Attached Thumbnails

  • honey291.jpg
  • honey306-307.jpg

Edited by mjshroomer, 09 September 2014 - 05:06 AM.

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#14 OnyxObelisk

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Posted 09 September 2014 - 01:31 PM

This article was posted a few days ago and explains how Turkish apiarists (beekeepers) make Mad Honey. http://modernfarmer....enic-mad-honey/

#15 mjshroomer

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Posted 23 September 2014 - 01:06 PM

I hoe this link works here.

 

Honey tea with shrooms, not s 100% real shaman, but one intended for tourist influence. The pot is nasty.  As are his methods and names.  Does not know the real local names, refers to P. caerulescens (Durrumbe-landslide species) as Parajitos/parajitos - little birds'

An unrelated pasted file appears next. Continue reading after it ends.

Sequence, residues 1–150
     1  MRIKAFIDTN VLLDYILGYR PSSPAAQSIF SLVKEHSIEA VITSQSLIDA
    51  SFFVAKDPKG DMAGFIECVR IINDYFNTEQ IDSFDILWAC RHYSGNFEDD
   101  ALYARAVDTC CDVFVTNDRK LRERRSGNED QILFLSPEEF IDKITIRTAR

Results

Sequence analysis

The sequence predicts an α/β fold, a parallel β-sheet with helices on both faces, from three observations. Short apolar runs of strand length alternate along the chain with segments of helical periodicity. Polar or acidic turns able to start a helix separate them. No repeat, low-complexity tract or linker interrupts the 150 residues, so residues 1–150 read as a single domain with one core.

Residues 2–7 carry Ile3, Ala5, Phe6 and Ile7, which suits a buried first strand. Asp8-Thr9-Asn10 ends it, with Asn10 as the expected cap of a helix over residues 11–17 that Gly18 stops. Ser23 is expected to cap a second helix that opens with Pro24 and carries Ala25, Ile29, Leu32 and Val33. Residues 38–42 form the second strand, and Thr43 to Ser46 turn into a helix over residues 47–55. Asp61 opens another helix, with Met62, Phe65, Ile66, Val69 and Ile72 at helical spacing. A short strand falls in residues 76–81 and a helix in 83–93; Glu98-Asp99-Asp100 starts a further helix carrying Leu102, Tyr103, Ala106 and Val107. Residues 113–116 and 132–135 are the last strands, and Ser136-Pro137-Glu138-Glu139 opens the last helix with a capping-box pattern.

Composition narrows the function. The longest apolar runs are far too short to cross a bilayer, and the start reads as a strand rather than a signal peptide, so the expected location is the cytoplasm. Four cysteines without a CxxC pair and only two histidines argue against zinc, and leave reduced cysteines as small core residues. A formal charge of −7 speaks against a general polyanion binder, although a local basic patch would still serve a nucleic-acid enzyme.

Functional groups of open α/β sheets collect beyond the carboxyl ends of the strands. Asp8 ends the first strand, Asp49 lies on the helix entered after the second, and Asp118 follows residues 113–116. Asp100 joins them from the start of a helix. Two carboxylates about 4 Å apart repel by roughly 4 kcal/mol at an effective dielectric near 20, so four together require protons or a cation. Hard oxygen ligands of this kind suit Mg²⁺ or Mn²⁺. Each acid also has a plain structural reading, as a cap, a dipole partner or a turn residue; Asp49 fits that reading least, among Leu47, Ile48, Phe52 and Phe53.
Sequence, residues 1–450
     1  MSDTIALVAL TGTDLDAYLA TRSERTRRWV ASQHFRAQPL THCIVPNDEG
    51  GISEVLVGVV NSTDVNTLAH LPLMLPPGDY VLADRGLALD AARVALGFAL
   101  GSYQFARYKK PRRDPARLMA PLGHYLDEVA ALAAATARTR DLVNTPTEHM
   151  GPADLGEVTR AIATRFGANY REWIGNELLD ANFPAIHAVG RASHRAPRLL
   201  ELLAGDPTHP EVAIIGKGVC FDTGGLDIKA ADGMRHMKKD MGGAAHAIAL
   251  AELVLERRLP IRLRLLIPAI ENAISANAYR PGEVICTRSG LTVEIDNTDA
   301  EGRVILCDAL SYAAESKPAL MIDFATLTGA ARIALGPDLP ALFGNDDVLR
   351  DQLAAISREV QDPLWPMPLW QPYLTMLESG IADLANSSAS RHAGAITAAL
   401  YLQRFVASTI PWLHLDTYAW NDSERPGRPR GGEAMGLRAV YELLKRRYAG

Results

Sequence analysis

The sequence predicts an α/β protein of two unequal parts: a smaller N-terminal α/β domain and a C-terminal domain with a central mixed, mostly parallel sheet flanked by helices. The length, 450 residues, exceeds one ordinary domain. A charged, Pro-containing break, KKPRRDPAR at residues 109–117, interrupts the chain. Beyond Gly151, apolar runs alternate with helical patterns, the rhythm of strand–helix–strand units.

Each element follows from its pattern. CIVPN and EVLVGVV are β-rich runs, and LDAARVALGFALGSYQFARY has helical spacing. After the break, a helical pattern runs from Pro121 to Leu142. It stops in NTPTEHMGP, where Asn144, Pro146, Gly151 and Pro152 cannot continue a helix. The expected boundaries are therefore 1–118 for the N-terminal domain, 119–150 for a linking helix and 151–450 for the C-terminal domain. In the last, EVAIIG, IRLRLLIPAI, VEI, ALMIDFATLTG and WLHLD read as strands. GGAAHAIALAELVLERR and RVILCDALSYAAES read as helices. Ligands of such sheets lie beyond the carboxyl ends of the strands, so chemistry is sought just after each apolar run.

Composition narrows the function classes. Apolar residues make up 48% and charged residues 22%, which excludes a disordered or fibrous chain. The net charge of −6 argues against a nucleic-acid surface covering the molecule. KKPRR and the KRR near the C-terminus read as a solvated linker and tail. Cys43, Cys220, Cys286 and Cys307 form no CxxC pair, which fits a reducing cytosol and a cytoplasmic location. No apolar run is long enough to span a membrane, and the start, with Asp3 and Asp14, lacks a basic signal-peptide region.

0  While some Mazatec refer to P. caerulescens as parajitos species, the latter is often used as an epithet for M. mexicana ( little birds).

 

HE calls the large P. caerulescens as, 'the master.'  implying it is the number one or biggest and only one is needed.

 

This is a video I could not find and then found I had not sure if it will play.  Another reason to avoid local shaman potions by unknowledgeable mestizos earning extra income from Tourists over mushroom preparations. as noted in Ott's published notes of honey as not good for storing.  I am also aware that the plant here is somewhat inebriating in toxicity and is not about storage of shrooms or shroom honey preparations.